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CLINICAL UNIT BASED RESEARCH

Optical Oximeter Brain Activity Measurement

This is a procedure where low level of invisible laser light is applied to the forehead by fiber-optic connectors. A small amount of the light penetrates the skull and bounces back. It is detected by a sensitive receiver which uses information about the light waves to determine brain activity. This is often used in hospitals to monitor the brain activity of premature infants. An individual sits and wears a spandex cap which holds small quarter-sized connectors against the forehead for about 30 minutes. While wearing the cap individuals are sometimes asked to perform computer tasks or think of a specific memory. This technique works because biological tissue is relatively transparent to light in the near infrared range.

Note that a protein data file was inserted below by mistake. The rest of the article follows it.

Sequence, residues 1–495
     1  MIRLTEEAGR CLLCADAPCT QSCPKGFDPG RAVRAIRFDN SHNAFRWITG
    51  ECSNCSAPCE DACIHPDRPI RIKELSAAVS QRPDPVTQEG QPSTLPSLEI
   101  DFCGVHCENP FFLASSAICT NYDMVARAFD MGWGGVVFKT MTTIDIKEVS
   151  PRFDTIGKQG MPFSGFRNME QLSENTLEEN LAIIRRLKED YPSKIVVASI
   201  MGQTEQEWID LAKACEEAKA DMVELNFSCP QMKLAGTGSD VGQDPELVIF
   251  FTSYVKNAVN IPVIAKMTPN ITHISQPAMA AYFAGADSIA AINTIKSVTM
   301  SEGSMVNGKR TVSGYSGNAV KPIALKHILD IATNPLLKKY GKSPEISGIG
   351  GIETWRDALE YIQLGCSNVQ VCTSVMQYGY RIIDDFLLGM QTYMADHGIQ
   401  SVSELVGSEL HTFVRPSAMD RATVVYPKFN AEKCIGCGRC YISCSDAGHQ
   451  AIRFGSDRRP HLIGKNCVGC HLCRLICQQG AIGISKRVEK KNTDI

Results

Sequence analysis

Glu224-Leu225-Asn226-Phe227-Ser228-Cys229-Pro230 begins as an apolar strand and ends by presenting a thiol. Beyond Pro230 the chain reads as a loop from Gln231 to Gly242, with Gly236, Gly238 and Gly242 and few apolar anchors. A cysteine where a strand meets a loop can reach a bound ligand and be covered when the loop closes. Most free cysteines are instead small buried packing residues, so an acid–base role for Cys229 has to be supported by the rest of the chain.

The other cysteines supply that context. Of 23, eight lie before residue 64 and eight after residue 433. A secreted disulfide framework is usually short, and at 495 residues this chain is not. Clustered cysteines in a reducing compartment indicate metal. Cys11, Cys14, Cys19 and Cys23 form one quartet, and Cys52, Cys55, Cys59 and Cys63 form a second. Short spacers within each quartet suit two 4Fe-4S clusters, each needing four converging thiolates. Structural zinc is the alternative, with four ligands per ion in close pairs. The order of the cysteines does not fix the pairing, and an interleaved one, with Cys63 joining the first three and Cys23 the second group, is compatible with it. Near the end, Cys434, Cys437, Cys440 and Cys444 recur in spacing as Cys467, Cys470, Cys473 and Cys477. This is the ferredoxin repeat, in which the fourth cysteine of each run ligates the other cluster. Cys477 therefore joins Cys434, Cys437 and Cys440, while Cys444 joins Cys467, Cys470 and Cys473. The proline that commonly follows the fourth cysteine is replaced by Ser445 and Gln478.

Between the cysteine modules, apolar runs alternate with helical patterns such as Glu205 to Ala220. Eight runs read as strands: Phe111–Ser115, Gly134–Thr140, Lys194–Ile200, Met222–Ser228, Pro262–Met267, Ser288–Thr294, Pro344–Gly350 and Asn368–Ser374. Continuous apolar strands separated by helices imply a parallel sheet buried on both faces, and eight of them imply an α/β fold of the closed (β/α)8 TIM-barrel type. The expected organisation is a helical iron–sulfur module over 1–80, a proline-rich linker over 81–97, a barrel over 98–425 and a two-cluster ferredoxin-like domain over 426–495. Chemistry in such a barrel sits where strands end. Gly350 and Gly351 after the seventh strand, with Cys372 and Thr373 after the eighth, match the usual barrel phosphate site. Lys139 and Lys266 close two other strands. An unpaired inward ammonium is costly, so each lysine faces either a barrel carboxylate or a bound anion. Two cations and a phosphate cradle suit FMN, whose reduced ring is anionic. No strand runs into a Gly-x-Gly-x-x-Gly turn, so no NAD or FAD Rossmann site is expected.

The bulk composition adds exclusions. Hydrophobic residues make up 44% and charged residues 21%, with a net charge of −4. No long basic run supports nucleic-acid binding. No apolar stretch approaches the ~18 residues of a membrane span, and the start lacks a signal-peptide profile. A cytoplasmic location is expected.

Lasers emitting four different near infrared wavelengths are coupled to the individual's head via a fiber-optic cable (optode). Since light is highly scattered after entering tissue, two receiving optodes (placed ~ 2 and 4 cm away from the emitter), collect light that has passed through the underlying tissue in a banana-like path. Oxy and deoxyHgb have different absorption spectra, and their concentrations are calculated using the modified Lambert-Beer law from the degree of absorption at these wavelengths. The near optode will primarily detect photons taking a shallow path through extracerebral tissue. The far optode will primarily detect photons following a deeper path through the underlying PFC. The Somanetics Invos Cerebral Oximeter system (used in our laboratory) permits simultaneous measures of left and right PFC (2 laser optodes, 4 receivers).

For more information see Villringer, A. and Chance, B., Non-invasive optical spectroscopy and imaging of human brain function., Trends Neurosci., 20 (1997) 435-442